Emanuele et al., (2006), by looking at plasma levels of neurotrophins, showed that Nerve Growth Factor (NGF) was significantly higher in those who recently fell in love (previous 6 months), compared to those in a longer relationship or controls, positively correlating with Passionate Love Scale (PLS) scores. The PLS is a validated and reliable measure of the intensity of falling in love, (Hatfield and Sprecher, 1986). It is commonly used, featuring in most of the studies yet to be mentioned (Aron et al., 2005; Bartels and Zeki, 2000; Bartels and Zeki, 2004; Kim et al., 2009; Ortigue et al., 2007; Zeki, 2007). Previous studies show that NGF acts as a mediator of behaviour, emotion and anxiety in the brain, as well as endocinological functions, such as the release of vasopressin and activation of the HPA axis (Emanuele et al., 2006). If NGF is an inducer of the HPA axis, it is not surprising that Emanuele et al.'s (2006) study, and Marazziti and Canale's (2004) study examining the stress hormones have similar results, that become non-significant when retested 12-24 months later. Deductions about the significance of these results are limited by the fact that the researchers requested only a single blood sample upon which their findings are based, failing to eliminate the natural variability of hormonal levels. Multiple samples taken over the same time frame would make this evidence more robust. Despite flaws, these results support the social psychology research, which categorises romantic love as two distinct stages of experience; for example, Sternburg's Triangular theory of love, which depicts the movement from a relationship of passion, to one balanced with intimacy and commitment. (The Psychology of Love, 1988). This is reflected in the biology: initial stress and changes in behaviour and emotion, followed by a return to normal behaviour, possibly mediated by oxytocin.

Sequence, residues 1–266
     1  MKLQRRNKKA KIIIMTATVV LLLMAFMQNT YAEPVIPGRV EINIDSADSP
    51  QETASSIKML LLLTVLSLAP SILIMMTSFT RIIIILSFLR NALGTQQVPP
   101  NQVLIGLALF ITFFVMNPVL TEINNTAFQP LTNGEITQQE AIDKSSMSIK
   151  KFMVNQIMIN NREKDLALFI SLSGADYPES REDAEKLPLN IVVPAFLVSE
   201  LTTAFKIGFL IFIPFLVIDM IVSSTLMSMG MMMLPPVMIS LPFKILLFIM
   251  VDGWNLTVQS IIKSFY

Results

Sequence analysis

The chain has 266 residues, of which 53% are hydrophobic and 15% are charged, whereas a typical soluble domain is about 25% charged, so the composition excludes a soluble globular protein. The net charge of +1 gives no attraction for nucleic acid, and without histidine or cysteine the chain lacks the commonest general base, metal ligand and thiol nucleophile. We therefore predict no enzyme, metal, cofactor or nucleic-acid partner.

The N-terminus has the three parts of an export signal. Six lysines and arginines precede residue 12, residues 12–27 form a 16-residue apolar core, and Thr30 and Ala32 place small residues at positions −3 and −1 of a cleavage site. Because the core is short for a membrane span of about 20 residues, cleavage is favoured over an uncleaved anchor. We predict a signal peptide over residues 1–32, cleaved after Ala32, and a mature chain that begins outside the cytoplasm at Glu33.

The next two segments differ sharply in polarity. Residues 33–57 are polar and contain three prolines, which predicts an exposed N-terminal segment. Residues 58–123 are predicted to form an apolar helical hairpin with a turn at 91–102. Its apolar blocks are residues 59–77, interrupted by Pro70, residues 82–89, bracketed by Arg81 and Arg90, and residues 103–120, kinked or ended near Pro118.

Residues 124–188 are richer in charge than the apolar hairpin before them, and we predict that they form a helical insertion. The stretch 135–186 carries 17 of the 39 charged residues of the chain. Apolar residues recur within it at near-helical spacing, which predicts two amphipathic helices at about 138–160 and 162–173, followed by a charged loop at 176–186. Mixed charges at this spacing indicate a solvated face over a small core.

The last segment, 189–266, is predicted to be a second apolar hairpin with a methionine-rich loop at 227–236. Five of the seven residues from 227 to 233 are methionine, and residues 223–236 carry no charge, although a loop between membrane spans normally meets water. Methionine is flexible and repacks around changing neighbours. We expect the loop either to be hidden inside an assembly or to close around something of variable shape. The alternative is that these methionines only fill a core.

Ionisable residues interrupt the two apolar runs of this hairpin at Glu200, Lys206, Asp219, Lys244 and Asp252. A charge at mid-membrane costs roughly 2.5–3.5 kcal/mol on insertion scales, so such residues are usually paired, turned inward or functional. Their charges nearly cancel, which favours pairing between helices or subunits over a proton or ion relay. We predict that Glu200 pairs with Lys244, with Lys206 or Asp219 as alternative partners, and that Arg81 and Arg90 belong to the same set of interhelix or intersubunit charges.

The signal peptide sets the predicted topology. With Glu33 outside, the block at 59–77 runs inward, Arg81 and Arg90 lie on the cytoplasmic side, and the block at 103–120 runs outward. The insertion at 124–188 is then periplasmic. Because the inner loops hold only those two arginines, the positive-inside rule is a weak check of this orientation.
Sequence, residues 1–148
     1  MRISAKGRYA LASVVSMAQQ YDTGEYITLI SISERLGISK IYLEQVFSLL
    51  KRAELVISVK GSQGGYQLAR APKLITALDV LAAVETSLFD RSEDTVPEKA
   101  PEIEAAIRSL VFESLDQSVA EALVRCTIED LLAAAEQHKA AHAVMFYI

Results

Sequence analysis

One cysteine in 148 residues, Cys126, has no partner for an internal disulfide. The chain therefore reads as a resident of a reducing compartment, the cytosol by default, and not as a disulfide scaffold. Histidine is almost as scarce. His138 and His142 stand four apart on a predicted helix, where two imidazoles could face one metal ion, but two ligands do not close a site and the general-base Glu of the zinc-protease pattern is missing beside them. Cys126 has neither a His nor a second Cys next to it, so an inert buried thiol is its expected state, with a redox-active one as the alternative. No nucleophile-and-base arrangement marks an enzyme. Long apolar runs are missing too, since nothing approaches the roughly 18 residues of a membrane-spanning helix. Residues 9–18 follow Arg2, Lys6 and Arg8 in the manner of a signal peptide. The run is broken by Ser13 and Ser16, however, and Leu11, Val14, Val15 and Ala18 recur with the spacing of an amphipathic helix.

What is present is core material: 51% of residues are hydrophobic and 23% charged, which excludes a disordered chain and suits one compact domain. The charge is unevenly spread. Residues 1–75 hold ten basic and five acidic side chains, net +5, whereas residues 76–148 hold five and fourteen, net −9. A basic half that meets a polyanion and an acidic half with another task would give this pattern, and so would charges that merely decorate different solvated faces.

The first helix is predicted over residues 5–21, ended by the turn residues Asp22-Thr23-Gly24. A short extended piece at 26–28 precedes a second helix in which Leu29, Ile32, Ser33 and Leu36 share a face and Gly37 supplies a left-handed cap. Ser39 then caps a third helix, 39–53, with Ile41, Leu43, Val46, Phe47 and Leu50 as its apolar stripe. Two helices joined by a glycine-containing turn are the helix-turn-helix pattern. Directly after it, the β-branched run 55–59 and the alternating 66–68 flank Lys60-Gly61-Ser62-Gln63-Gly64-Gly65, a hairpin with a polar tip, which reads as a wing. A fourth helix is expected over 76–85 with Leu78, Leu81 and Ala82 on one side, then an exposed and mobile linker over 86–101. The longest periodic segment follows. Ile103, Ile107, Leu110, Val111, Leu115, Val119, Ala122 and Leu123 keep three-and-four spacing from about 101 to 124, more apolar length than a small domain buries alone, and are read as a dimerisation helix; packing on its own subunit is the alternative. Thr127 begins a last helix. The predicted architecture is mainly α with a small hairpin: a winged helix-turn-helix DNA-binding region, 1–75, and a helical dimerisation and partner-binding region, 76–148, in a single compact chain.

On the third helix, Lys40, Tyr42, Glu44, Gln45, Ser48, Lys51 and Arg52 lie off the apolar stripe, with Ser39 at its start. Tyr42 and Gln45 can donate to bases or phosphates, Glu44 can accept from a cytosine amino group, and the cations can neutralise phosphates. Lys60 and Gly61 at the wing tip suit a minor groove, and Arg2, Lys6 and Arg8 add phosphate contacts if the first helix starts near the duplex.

Neuroimaging in romantic love
The two-stages of romantic love might also be reflected in the results of neuroimaging studies. Both Aron et al., (2005) and Bartels and Zeki, (2000) employed a similar method of utilising fMRI contrasting neural areas active when viewing pictures of their loved ones against pictures of their friends of the same sex, age, and with a similar length of friendship as their relationship with their loved one (Aron et al., 2005; Bartels and Zeki, 2000). The participants were chosen by analysing written statements on their relationship, interviews, and scores on the Passionate Love Scale (PLS) (Aron et al., 2005; Bartels and Zeki, 2000). The key difference between the two studies was that Bartels and Zeki's, (2000) study was conducted on those who had been in a relationship for longer (median 3 years versus median of 7 months) and had lower mean PLS scores (7.55 vs. 8.54) (Aron et al., 2005). Bartels and Zeki's (2000) study found greater activity when viewing photos of loved ones in the putamen (involved in reward), in the hypothalamus, (possibly indicating erotic arousal), and in the bilateral posterior hippocampus. Whereas Aron et al., (2005) didn't find these areas activated, instead found activation in the septum, which is involved in emotion, reward and (along with the ventral pallidum) pair bonding in prairie voles. Moreover, the ventral tegmental area (mentioned below), ventral pallidum, hippocampus and hypothalamus are all areas known to be rich in receptors for oxytocin and vasopressin (Bartels and Zeki, 2004; Carter, 1998), further implicating the involvement of these substances in social bonding and attachment.